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  • Writer's pictureHarjot Sidhu

A CONVERSATION ABOUT APRIL 23rd 1979, THE NATIONAL FRONT & THE MURDER OF BLAIR PEACH

Updated: Mar 21

The below is a short piece intended to accompany a longer audio conversation, about the events of April 23rd 1979.


LISTEN TO THE FULL CONVERSATION VIA THUMBNAILS BELOW AND DOWNLOAD ON YOUR DESIRED PLATFORM (REMEMBER TO SUBSCRIBE OR FOLLOW THE PODCAST FOR EASE AND FOR FUTURE EPISODES)





OR, SEARCH FOR 'LONDON WRITING GUY' WHEREVER YOU GET YOUR PODCASTS.


Mention Blair Peach, or April 23rd 1979, to anyone that has any connection to Southall and you’re likely to draw one of many reactions. Shock, anger, frustration or utter despair. Perhaps all of that and more. The story of that day has a personal connection for me. My grandad, Giani Darshan Singh Boparai, was present on the day. Having formerly held the position of President at the Indian Workers Association (IWA), he was one of thousands of protestors that came out to protest when the National Front decided to hold a meeting in Southall town hall. Giani Darshan Singh Boparai was also involved in managing and liaising with the local community on the day, which was made up of a large South Asian and West Indian population. This community saw the National Front meeting in their town as a provocative act, as they naturally would.


The police were seen to be protecting the National Front. From the recollections told to me by my parents and my elders, the police began attacking peaceful protestors at random. It is widely accepted that the Met police and the Special Patrol Group (SPG) used unnecessarily violent and heavy-handed tactics to manage the crowd. Blair Peach, a teacher from New Zealand, was unfortunately murdered as a result of a blow to the head from a police officer. A report was carried out into Blair Peach’s murder, which revealed that Blair was almost certainly killed by police at the demonstration. However, the report was covered up and hidden until 2010, only being released due to fact that it held similarities between Blair Peach’s death and that of Ian Tomlinson during the G20 protests, in 2009.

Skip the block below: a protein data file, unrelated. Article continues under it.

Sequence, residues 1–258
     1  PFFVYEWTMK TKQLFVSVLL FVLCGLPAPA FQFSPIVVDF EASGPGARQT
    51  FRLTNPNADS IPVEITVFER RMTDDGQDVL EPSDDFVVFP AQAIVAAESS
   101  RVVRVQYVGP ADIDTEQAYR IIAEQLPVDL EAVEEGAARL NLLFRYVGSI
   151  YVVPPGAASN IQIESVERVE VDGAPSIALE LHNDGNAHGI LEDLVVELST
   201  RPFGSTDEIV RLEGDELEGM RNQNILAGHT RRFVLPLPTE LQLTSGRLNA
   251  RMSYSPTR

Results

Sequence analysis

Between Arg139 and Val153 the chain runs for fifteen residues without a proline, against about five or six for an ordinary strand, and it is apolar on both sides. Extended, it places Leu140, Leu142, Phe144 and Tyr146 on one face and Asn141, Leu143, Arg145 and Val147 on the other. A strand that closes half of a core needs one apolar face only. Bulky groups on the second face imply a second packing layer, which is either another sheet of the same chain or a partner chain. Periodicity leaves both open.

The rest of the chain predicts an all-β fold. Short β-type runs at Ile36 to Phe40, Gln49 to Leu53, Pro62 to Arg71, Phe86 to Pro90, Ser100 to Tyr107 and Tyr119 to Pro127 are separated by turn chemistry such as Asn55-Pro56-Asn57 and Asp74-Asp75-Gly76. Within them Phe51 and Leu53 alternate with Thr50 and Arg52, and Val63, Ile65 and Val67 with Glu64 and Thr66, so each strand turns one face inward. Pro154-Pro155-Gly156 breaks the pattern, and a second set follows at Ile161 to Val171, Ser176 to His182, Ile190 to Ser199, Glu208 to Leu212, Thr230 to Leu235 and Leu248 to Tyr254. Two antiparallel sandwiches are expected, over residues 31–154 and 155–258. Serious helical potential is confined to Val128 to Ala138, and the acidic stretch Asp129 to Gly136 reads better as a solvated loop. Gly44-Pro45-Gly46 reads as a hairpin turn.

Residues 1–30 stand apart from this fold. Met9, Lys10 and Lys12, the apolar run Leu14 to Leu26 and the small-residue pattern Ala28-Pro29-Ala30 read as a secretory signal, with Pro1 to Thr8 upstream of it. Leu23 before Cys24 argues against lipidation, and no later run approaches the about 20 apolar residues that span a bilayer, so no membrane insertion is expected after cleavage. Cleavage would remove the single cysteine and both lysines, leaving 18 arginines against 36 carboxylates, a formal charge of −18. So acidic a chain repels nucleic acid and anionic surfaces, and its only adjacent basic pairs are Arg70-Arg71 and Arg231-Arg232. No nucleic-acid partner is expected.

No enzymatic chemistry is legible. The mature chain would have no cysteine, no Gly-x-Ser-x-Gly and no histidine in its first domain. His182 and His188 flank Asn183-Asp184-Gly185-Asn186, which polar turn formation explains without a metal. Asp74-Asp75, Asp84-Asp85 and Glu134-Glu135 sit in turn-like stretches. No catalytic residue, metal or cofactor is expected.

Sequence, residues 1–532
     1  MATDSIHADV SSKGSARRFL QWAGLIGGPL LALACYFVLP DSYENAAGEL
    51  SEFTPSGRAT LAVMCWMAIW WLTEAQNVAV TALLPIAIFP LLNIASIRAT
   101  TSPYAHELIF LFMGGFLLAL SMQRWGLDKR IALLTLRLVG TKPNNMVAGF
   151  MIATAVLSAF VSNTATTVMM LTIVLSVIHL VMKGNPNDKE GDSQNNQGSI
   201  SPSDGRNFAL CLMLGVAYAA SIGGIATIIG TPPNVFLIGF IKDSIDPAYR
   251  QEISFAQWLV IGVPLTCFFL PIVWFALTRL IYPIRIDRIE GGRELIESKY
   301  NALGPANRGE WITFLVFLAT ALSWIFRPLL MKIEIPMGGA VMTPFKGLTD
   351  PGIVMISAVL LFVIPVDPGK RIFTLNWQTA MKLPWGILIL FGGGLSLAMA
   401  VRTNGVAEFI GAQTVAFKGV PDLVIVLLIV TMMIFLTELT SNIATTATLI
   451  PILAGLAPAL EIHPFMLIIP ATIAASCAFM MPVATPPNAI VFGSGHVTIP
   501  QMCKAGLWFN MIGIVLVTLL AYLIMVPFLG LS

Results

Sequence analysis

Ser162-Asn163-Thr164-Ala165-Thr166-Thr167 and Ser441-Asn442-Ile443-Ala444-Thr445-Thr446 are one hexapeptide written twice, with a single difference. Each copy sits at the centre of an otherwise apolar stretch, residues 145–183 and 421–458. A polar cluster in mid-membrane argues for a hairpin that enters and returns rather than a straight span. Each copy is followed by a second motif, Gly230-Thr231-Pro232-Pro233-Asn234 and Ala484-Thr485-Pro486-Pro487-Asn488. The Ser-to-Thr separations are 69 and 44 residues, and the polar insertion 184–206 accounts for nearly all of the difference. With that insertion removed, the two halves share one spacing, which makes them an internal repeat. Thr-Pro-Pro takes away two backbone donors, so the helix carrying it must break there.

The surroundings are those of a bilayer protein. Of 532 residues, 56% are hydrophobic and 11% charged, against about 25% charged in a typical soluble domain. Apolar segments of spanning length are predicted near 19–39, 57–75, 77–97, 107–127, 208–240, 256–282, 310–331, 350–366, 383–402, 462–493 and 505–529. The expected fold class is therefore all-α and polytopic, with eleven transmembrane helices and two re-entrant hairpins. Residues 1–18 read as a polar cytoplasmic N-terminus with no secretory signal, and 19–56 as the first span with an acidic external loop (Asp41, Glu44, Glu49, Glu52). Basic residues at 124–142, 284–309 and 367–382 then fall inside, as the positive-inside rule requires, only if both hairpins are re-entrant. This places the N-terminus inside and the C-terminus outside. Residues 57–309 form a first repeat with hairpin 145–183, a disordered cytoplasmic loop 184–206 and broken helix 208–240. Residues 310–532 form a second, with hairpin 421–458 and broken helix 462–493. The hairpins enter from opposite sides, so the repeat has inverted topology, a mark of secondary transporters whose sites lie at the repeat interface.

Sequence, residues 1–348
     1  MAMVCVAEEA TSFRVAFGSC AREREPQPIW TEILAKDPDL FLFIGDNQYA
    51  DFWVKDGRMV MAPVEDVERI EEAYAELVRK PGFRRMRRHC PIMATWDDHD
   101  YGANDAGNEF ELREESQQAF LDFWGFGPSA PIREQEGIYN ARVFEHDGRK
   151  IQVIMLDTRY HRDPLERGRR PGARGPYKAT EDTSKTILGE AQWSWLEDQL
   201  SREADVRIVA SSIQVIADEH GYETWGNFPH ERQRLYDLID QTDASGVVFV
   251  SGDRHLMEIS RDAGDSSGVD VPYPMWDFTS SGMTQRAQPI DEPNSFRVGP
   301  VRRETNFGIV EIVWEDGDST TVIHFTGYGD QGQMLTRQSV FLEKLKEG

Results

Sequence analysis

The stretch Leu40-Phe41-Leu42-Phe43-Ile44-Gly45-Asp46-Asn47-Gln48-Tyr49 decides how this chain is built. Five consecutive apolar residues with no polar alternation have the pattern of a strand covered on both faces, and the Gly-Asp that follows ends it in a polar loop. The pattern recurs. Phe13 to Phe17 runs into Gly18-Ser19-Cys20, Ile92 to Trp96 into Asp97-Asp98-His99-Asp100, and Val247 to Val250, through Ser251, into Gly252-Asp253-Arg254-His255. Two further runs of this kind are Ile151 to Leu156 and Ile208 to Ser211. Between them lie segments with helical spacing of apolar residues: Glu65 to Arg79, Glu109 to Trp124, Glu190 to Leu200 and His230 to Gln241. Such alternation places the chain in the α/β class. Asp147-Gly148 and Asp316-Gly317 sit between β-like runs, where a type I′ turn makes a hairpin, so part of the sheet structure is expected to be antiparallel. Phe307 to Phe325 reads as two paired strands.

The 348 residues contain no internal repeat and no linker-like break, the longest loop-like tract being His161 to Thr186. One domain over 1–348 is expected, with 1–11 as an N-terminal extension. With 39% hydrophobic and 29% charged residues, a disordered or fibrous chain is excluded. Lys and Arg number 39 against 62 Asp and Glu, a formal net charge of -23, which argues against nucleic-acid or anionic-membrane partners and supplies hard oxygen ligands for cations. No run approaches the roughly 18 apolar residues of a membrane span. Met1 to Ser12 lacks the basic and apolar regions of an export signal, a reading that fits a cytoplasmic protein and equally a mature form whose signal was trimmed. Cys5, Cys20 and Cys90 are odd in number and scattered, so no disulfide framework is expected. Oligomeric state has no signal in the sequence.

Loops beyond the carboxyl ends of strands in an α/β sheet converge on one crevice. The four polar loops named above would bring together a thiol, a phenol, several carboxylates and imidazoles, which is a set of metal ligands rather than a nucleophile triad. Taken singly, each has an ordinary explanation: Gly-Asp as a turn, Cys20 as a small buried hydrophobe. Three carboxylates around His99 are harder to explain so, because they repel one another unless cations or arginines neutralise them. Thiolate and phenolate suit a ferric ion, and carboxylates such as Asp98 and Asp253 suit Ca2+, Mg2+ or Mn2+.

This conversation is with Ravi Jain. Ravi, who at the time was the General Secretary for the National Association of Asian Youth. I speak to Ravi about the events that led to this day and the day itself, the political and social climate at the time, as well as the actions of the Met police on April 23rd 1979. Given the current ongoing SpyCops scandal and inquiry, the events of the day are still very topical.



Southall is changing. Those that have lived around the area for long enough will have seen that change taking place before their very eyes. High-rise flats and a renovated train station for the purpose of serving the Elizabeth Line are just some of those changes. Inevitably, this brings with it a changing demographic. How many of the now residents of Southall are aware of what happened on these streets, over 40 years ago? On the same streets they walk every morning, towards Southall station, on their way to work? On the same streets they joyfully stroll down, shopping for this summer's wedding, carrying a cup of Chaiiwala's infamous Karak Chaii?


This story must never be forgotten. It must be told and told again.


LISTEN TO MY CONVERSATION WITH RAVI JAIN





OR, SEARCH FOR 'LONDON WRITING GUY' WHEREVER YOU GET YOUR PODCASTS.


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